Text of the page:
Virtually all countries in the world reject the punishment
of life without parole for child offenders. At least 132 countries
reject life without parole for child offenders in domestic law
or practice. And all countries except the United States and Somalia
have ratified the Convention on the Rights of the Child, which
explicitly forbids "life imprisonment without possibility of release" for "offenses
committed by persons below eighteen years of age." Of the 154 countries
for which Human Rights Watch was able to obtain data, only three
currently have people serving life without parole for crimes they
committed as children, and it appears that those four countries
combined have only about a dozen such cases.
Sentencing children as adults means they may well
enter prison while they are still under eighteen. One third of
the youth offenders now serving life without parole entered prison
while they were still children, in violation of international human
rights standards that prohibit the incarceration of children with
adults. But regardless of the precise age at which they entered
prison, all have faced the same conditions as the older adults
with whom they live: gangs, sexual predators, extortion, and violence.
They also confront special hardships inherent in their sentence.
Although it may take time to fully register in a child´s
mind, the sentence sends an unequivocal message to children that
they are banished from society forever. Youth are told that they
will die in prison and are left to wrestle with the anger and emotional
turmoil of coming to grips with that fact. They are denied educational,
vocational, and other programs to develop their minds and skills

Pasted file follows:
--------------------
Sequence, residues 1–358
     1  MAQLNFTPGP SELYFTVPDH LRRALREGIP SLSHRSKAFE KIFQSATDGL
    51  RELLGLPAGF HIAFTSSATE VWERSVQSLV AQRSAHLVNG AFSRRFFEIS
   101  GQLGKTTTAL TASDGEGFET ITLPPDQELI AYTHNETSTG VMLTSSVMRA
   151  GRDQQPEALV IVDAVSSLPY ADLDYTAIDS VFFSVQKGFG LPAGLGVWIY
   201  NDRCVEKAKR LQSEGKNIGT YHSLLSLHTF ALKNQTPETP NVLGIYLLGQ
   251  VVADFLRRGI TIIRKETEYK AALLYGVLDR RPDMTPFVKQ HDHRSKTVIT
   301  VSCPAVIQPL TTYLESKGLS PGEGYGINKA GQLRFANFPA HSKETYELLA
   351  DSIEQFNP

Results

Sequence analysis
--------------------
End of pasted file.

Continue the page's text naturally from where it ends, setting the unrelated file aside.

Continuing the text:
because access to those programs is typically restricted to prisoners
who will someday be released, and for whom rehabilitation therefore
remains a goal. Not surprisingly, child offenders sentenced to
life without parole believe that U.S. society has thrown them away.
As one young man told a researcher for this report, "Seems like.
. .since we´re sentenced to life in prison, society says,
'Well, we locked them up, they are disposed of, removed.´"
U.S. federal and state governments have the responsibility
of ensuring community safety. But government is also responsible
for ensuring that justice is served when a person is tried, convicted,
and sentenced. The terrible crimes committed by children can ruin
lives, causing injury and death to the victims and grief to their
families and friends. Sentencing must reflect the seriousness of
the crime, but it also must acknowledge that culpability can be
substantially diminished by reason of the youth and immaturity
of the perpetrator. Child offenders should be given the possibility
of freedom one day, when they have matured and demonstrated their
remorse and capacity for rehabilitation.
Note: In keeping with international human rights
standards, throughout this report we use the terms "child" and "children" to
refer to persons under the age of eighteen. Unless otherwise indicated,
all references to youth, adolescents, minors, and juveniles also
refer to persons under the age of eighteen.
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